In Special Collections & Archives is a 1858 volume of Mitchell’s Ancient Atlas, “containing maps illustrating classical and sacred geography.”
Samuel Augustus Mitchell was an educator and, later in life, writer and publisher of maps. Mitchell Company was one of the first in the publishing industry to engrave on steel plates.
The atlas is based on works by the “writers of antiquity” and on “sacred geography.” The indexes give the ancient name of each location, its class (towns, rivers, mountains, etc.), country name, which map it can be found on, and the location’s “modern” name. While neither the Garden of Eden nor the lost city of Atlantis are featured, the color-illustrated maps are gorgeous and represent important historical events like Alexander the Great’s route from Greece to India and Babylon; the extent of the Roman Empire’s land holdings at its height around A.D. 107; and the countries mentioned in the Old Testament.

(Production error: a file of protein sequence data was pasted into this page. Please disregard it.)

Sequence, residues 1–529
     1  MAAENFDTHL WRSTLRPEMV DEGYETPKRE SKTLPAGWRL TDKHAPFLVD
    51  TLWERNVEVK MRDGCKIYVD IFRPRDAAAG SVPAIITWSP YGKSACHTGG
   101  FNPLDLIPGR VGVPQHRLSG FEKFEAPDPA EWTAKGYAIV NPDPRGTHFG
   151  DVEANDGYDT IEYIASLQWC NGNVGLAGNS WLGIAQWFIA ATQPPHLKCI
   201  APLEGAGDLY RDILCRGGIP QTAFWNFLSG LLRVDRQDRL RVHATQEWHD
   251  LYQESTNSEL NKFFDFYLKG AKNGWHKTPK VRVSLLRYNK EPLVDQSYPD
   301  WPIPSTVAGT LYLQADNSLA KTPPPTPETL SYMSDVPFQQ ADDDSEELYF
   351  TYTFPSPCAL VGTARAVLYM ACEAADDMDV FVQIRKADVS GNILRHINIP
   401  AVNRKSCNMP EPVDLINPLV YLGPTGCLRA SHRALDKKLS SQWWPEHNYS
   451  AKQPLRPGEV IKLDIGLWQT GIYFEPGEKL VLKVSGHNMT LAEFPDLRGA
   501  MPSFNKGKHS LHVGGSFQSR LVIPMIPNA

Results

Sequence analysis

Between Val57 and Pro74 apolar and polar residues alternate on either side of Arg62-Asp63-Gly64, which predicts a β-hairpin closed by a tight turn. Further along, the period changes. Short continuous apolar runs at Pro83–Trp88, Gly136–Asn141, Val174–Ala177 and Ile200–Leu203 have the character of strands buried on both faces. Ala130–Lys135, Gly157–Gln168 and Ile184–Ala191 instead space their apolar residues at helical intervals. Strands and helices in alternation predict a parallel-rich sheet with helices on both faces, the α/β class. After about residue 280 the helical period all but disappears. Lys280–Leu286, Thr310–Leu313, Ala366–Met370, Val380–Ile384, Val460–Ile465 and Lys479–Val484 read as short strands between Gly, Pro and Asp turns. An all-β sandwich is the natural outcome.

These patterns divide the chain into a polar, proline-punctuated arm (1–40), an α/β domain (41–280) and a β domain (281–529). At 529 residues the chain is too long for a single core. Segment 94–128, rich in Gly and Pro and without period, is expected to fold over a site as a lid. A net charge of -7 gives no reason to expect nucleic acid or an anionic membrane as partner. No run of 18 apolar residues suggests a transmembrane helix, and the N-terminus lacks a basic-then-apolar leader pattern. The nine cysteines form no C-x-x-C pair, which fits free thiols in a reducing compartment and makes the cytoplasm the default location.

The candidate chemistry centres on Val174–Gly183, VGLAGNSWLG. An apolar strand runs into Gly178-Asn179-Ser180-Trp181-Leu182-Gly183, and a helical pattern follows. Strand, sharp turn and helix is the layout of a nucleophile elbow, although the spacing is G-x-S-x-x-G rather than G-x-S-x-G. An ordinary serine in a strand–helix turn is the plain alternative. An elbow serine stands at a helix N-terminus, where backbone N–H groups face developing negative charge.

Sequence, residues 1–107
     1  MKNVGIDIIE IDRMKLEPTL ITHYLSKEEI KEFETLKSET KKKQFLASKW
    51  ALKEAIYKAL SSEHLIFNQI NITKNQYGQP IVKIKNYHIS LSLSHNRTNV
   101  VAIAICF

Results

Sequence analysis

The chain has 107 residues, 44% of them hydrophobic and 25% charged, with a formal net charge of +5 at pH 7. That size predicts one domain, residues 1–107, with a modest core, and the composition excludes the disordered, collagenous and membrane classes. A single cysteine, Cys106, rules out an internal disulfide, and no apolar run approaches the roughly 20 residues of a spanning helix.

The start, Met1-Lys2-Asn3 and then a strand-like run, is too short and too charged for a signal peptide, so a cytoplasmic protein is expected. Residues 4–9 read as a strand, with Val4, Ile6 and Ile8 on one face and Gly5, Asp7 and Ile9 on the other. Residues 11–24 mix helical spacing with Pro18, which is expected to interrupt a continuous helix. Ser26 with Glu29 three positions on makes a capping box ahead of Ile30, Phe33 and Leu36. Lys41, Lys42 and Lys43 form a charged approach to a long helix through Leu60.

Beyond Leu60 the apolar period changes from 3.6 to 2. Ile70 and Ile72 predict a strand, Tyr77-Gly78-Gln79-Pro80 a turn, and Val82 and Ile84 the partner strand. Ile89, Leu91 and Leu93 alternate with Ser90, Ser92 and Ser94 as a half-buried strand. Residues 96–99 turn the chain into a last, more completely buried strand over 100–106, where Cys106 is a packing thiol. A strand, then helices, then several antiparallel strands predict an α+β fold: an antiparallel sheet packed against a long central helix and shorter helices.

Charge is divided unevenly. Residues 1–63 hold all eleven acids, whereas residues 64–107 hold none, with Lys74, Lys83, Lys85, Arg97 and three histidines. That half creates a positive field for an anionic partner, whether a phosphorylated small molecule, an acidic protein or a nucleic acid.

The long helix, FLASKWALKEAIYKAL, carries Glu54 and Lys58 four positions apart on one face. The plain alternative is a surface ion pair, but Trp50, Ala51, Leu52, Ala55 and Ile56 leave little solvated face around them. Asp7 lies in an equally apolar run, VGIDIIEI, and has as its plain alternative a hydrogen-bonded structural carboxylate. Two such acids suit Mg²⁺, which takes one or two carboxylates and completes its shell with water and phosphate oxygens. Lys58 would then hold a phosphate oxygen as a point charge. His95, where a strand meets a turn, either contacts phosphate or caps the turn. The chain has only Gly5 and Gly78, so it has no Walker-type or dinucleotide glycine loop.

The book belonged to Miss Maggie Cooper, a student of “Orleans Female Academy” (most likely the New Orleans Female Dominican Academy, now St. Mary’s Dominican High School). Her handwritten notes mark several pages of the book.
Loyola’s fully digitized copy of the Ancient Atlas can be viewed online in the Louisiana Digital Library or in person in Special Collections & Archives, where we also have an 1844 edition. Other Mitchell’s atlases (Mitchell’s Ancient Geography and an 1856 Ancient Atlas) can be found in the Internet Archive.
Found in the Archives is a recurring series of crazy cool stuff found in the Monroe Library’s Special Collections & Archives